Retail landlords have lent their voice to the campaign against next year’s rise in business rates, warning that a disproportionate increase will endanger the economic recovery.

The British Council of Shopping Centres (BCSC) has this week written to the Government to urge it to change the method used to calculate next year’s increase in the Uniform Business Rate (UBR).

Under the current regime, the Government uses September’s RPI inflation rate to calculate the annual increase in rates bills, which will be introduced the following April. This week it was revealed the RPI was 4.6% last month.

But in a letter to local government minister Bob Neill, seen by Retail Week, BCSC executive director Edward Cooke has urged Government to raise the UBR in line with its own CPI target of 2% instead.

Last month the British Retail Consortium also wrote to Government to demand an alternative method to calculate next year’s rises in business rates.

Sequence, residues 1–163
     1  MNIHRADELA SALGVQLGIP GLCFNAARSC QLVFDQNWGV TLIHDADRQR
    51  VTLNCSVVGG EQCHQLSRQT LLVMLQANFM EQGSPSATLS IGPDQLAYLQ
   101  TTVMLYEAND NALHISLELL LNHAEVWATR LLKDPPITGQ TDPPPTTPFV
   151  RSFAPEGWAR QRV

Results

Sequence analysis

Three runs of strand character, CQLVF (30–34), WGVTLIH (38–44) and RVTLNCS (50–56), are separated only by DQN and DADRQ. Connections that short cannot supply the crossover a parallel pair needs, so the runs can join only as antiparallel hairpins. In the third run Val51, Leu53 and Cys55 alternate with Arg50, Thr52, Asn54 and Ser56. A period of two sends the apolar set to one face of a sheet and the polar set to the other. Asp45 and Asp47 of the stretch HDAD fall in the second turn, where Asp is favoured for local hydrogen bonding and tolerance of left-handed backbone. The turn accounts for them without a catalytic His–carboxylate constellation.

Cooke said: “Business rates is increasingly becoming an owners’ issue, as much as an occupiers’ issue.”

Outlined in the BCSC letter, Cooke said that increasing rates would “constrain the ability of developers to deliver town centre regeneration schemes”. He said that business rates continued to account for a greater share of occupancy costs, therefore eroding potential rental values and thus the viability of proposed developments.

Cooke told Retail Week: “At a time of weak consumer confidence and slow sales growth, increasing costs are having a huge impact on many retail businesses’ ability to remain profitable.

Cooke is also requesting a face-to-face meeting with Neill. He said: “Increasing business rates by the Government’s target of 2% would show a willingness to support an industry that will be a key contributor to economic growth.”

British Property Federation chief executive Liz Peace also lent her body’s support and said the planned rise in business rates was “bad news for retailers, landlords and the economy”.